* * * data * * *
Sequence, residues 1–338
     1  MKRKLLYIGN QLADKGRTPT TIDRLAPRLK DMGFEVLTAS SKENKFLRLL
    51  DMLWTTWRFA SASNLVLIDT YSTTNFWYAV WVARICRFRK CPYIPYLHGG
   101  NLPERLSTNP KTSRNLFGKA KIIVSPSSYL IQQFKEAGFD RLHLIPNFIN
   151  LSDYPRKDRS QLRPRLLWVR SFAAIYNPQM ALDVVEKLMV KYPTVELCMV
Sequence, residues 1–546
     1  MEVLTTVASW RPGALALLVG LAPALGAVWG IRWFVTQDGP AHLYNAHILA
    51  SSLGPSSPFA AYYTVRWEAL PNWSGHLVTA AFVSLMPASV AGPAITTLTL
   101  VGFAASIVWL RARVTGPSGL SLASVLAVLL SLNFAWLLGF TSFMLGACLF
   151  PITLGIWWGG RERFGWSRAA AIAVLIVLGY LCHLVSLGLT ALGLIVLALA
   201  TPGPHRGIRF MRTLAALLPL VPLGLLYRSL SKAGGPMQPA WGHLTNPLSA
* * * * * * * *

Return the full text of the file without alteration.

Sequence, residues 1–338
     1  MKRKLLYIGN QLADKGRTPT TIDRLAPRLK DMGFEVLTAS SKENKFLRLL
    51  DMLWTTWRFA SASNLVLIDT YSTTNFWYAV WVARICRFRK CPYIPYLHGG
   101  NLPERLSTNP KTSRNLFGKA KIIVSPSSYL IQQFKEAGFD RLHLIPNFIN
   151  LSDYPRKDRS QLRPRLLWVR SFAAIYNPQM ALDVVEKLMV KYPTVELCMV
Sequence, residues 1–546
     1  MEVLTTVASW RPGALALLVG LAPALGAVWG IRWFVTQDGP AHLYNAHILA
    51  SSLGPSSPFA AYYTVRWEAL PNWSGHLVTA AFVSLMPASV AGPAITTLTL
   101  VGFAASIVWL RARVTGPSGL SLASVLAVLL SLNFAWLLGF TSFMLGACLF
   151  PITLGIWWGG RERFGWSRAA AIAVLIVLGY LCHLVSLGLT ALGLIVLALA
   201  TPGPHRGIRF MRTLAALLPL VPLGLLYRSL SKAGGPMQPA WGHLTNPLSA